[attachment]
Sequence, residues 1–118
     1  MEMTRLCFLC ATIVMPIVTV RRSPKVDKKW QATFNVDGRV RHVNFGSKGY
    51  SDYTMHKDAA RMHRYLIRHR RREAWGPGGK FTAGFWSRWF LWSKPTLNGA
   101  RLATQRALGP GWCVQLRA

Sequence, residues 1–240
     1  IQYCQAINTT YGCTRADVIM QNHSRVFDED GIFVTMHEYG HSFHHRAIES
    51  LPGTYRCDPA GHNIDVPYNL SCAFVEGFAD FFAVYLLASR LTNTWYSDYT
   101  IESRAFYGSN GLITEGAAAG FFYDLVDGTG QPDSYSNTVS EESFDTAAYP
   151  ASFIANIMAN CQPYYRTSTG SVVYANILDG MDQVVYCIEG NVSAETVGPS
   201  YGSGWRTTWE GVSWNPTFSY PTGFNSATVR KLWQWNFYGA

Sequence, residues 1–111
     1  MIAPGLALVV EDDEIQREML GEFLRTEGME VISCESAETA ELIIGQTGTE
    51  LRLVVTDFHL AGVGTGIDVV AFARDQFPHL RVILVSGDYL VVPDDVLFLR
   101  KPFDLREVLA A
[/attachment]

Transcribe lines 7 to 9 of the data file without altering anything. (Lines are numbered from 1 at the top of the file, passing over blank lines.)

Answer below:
    51  LPGTYRCDPA GHNIDVPYNL SCAFVEGFAD FFAVYLLASR LTNTWYSDYT
   101  IESRAFYGSN GLITEGAAAG FFYDLVDGTG QPDSYSNTVS EESFDTAAYP
   151  ASFIANIMAN CQPYYRTSTG SVVYANILDG MDQVVYCIEG NVSAETVGPS